3 things to know about progressive overload

written by Philip Stefanov  |  AUGUST 29, 2023

We’ve all heard of progressive overload, and most lifters have at least some idea of the principle and why it matters. However, there are also some misconceptions about it.

To that end, I’ve dedicated this week’s newsletter to helping you understand three crucial truths about progressive overload: what it is, how it occurs, and how it might look.

Let’s talk about it.

1. What’s First: The Chicken or the Egg?

This might sound like a weird comparison, but bear with me. I bring up the chicken and the egg dilemma because there is similar uncertainty about progressive overload and what it means.

Too many people see progressive overload as the effort we put into training. For example, if you did 3x12 on the bench with 135 last week and now push yourself to do 3x13 with the same weight, that’s progressive overload.

Well, yes and no.

Yes, because making gradual progress requires pushing beyond your comfort zone to force your body to adapt. You can’t ask your biceps nicely, “Hey, mind if you grow and get stronger? I’d really love that.” To make them grow, you need to push yourself hard during curls and see improvements.

No, because performance improvements (being able to lift more weight, do more reps, rest less between sets, train through a longer range of motion, do reps more smoothly, etc.) are more so the by-product of the training stimulus we’ve provided in the past.

In other words, you can now bench press more weight because you’ve put in the work before, and your body has adapted.

So, by continually adapting to training stress and doing more disruptive training, you create the necessary overload to drive further adaptations, getting yourself closer to your physique and performance goals.

Effort is important, but what would happen if progressive overload only relied on grinding out more reps or lifting more weight? Eventually, your technique would break down, and any extra reps you do would become less effective and more dangerous.

In contrast, by being able to do more work over time, you create an increasingly larger stimulus and promote progress without putting yourself in a position where you constantly have to train to failure and grind out reps with ugly form just to beat your previous performance.

2. Progress Occurs at Different Rates

This one is more straightforward but still worth discussing, even to remind people. Progress occurs at different rates. Newbies can see improvements more quickly and easily predict how their performance might change weekly.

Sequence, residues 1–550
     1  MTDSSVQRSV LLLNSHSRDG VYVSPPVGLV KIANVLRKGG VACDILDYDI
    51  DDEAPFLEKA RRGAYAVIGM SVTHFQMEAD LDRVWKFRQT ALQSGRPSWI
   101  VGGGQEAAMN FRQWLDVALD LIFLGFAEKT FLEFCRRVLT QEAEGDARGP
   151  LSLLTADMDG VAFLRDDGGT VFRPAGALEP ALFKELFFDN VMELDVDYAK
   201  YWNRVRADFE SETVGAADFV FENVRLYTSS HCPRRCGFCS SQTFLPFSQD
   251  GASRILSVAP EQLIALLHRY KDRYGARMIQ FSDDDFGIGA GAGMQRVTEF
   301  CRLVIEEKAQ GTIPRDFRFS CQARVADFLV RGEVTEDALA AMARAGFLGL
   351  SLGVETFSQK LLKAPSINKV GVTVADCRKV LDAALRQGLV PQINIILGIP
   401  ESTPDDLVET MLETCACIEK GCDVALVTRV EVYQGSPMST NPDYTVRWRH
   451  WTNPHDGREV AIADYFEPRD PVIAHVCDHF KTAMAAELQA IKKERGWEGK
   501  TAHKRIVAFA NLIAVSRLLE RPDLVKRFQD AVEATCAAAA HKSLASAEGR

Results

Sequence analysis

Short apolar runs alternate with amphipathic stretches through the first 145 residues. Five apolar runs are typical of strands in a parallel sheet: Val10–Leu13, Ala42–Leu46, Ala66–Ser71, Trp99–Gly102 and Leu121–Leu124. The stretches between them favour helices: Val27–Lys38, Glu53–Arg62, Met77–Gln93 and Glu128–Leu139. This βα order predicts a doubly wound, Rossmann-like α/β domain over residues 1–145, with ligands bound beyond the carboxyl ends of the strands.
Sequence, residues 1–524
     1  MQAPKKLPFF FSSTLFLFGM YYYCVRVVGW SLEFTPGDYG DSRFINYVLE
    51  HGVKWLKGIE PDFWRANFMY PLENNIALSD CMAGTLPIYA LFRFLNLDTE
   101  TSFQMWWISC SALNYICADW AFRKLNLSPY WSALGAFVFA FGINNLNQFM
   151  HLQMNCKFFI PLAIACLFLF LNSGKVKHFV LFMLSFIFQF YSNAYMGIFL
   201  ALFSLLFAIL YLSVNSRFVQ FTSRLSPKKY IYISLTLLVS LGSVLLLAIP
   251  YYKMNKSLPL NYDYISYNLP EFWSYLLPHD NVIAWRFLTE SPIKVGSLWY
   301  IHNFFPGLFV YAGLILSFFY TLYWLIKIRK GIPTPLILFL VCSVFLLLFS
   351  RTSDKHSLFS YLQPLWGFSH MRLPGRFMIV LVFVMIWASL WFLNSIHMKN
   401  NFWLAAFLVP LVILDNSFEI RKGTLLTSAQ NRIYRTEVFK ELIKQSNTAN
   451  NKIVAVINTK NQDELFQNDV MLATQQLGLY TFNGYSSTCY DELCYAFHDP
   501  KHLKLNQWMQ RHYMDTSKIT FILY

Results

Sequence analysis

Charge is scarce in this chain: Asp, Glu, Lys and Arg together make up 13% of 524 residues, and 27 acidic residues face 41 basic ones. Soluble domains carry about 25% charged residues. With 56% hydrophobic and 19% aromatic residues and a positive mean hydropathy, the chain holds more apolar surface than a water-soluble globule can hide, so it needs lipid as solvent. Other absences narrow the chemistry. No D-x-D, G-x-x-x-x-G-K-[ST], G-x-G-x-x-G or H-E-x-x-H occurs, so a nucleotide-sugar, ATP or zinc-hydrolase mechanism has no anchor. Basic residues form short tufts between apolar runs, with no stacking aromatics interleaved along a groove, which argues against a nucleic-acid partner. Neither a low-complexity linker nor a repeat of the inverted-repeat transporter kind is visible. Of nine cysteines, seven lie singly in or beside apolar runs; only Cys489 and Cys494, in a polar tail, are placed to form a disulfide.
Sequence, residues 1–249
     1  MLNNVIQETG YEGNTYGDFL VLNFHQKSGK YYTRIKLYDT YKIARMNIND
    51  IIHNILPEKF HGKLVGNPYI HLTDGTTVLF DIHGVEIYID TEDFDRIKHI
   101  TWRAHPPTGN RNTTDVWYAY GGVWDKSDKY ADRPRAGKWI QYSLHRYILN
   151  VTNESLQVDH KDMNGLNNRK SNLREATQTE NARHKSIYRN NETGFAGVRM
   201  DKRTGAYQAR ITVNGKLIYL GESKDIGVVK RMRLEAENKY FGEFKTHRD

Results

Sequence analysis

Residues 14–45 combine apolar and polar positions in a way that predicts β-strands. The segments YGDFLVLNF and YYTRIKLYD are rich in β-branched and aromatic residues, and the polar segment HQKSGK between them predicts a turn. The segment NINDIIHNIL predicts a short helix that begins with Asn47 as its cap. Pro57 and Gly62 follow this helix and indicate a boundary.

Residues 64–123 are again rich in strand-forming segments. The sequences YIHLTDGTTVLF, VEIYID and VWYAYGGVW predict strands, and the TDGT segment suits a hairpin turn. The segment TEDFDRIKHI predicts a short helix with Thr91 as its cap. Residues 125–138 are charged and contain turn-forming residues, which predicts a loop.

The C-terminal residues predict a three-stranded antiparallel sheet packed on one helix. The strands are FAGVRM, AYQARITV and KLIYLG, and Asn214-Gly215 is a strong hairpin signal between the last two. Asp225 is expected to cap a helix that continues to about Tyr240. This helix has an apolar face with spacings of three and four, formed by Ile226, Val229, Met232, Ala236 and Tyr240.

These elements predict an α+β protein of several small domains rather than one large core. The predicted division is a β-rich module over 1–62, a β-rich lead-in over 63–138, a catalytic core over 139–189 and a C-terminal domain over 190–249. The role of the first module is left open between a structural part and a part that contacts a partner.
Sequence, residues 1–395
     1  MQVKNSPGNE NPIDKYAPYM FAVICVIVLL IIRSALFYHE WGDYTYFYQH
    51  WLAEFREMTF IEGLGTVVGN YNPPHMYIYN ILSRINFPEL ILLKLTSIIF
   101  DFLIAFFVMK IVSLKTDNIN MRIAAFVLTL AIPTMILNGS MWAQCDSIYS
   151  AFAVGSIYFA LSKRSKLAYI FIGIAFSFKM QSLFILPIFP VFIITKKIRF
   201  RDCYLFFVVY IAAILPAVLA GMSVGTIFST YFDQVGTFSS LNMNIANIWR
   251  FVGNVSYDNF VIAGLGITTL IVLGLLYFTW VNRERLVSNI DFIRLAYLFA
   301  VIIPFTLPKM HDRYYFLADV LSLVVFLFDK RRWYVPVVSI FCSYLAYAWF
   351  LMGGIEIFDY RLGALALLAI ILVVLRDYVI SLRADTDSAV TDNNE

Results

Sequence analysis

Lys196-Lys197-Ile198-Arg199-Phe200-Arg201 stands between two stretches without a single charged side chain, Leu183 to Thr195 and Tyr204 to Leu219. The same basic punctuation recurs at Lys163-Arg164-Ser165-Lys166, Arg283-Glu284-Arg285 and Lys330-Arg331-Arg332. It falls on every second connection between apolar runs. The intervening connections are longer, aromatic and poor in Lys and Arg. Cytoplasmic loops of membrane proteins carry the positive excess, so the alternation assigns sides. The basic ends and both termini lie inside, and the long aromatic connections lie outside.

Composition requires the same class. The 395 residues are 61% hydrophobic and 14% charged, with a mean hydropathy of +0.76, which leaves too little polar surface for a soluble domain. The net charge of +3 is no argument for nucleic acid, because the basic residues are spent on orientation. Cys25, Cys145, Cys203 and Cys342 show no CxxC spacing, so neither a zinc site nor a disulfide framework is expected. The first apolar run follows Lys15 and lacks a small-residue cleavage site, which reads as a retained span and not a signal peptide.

In contrast, more advanced trainees might need to grind for weeks or months to see 10 percent of that progress.

The only thing you can do about this is remain mindful of the fact and take what you can get without being too eager. There is no point in trying to lift more weight or do more reps before you’re ready because that often leads to technique breakdown, increasing the injury risk.

However, you should also be mindful of effort and keep working hard. Too many trainees become complacent and put in the bare minimum, expecting huge gains.

3. Progression Differs Based on the Specific Exercise

Progression is as much about performance improvements as it is about recognizing what you can get from each exercise. But what does that mean?

You need to understand that you won’t be able to progress all exercises in the same way and at the same rate. For example, certain exercises are more suited for load progression, others are better for rep progression, and the third type of movements fall somewhere in between.

For example, isolation exercises like lateral raises and overhead tricep extensions are more suited for rep progression. The reason is that increasing the load even a little could easily lead to technique breakdown, making the movement less beneficial for its primary objective (growth).

In contrast, activities like the conventional and Romanian deadlift are more suited for load progression. Doing too many reps can lead to excessive fatigue and affect movement mechanics. Of course, that doesn’t mean you can freely add weight to the bar because attempting to lift too much can also affect your form.

Then, we have movements like the bench press, shoulder press, and barbell row, where you can go either way. These movements are well suited for heavy training, as well as light, hypertrophy-focused sets. As a result, you can enjoy greater flexibility when deciding how to do the extra work necessary to keep seeing improvements.

Thanks for sticking around. I'll catch you next week!


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